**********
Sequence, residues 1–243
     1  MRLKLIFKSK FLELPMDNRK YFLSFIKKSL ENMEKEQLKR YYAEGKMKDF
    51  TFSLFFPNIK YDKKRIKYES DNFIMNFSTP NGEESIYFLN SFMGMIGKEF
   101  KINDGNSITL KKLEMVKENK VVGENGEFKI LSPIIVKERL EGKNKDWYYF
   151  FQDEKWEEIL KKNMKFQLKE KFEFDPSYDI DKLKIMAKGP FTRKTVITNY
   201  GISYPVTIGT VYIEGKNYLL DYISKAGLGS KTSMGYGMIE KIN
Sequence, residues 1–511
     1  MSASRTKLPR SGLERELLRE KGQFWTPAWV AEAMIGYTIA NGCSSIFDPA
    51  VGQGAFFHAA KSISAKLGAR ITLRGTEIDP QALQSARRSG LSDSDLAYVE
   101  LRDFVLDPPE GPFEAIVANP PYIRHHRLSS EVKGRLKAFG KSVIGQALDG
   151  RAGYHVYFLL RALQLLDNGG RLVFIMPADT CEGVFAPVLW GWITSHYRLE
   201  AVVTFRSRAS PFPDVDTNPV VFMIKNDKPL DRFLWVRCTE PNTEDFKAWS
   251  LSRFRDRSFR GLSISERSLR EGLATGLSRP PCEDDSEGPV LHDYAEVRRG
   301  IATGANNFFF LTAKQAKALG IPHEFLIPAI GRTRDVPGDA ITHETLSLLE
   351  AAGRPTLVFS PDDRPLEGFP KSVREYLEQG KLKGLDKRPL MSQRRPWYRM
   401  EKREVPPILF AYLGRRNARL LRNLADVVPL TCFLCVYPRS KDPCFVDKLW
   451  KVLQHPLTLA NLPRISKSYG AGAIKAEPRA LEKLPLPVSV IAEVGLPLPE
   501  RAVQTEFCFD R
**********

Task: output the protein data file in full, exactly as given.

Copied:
Sequence, residues 1–243
     1  MRLKLIFKSK FLELPMDNRK YFLSFIKKSL ENMEKEQLKR YYAEGKMKDF
    51  TFSLFFPNIK YDKKRIKYES DNFIMNFSTP NGEESIYFLN SFMGMIGKEF
   101  KINDGNSITL KKLEMVKENK VVGENGEFKI LSPIIVKERL EGKNKDWYYF
   151  FQDEKWEEIL KKNMKFQLKE KFEFDPSYDI DKLKIMAKGP FTRKTVITNY
   201  GISYPVTIGT VYIEGKNYLL DYISKAGLGS KTSMGYGMIE KIN
Sequence, residues 1–511
     1  MSASRTKLPR SGLERELLRE KGQFWTPAWV AEAMIGYTIA NGCSSIFDPA
    51  VGQGAFFHAA KSISAKLGAR ITLRGTEIDP QALQSARRSG LSDSDLAYVE
   101  LRDFVLDPPE GPFEAIVANP PYIRHHRLSS EVKGRLKAFG KSVIGQALDG
   151  RAGYHVYFLL RALQLLDNGG RLVFIMPADT CEGVFAPVLW GWITSHYRLE
   201  AVVTFRSRAS PFPDVDTNPV VFMIKNDKPL DRFLWVRCTE PNTEDFKAWS
   251  LSRFRDRSFR GLSISERSLR EGLATGLSRP PCEDDSEGPV LHDYAEVRRG
   301  IATGANNFFF LTAKQAKALG IPHEFLIPAI GRTRDVPGDA ITHETLSLLE
   351  AAGRPTLVFS PDDRPLEGFP KSVREYLEQG KLKGLDKRPL MSQRRPWYRM
   401  EKREVPPILF AYLGRRNARL LRNLADVVPL TCFLCVYPRS KDPCFVDKLW
   451  KVLQHPLTLA NLPRISKSYG AGAIKAEPRA LEKLPLPVSV IAEVGLPLPE
   501  RAVQTEFCFD R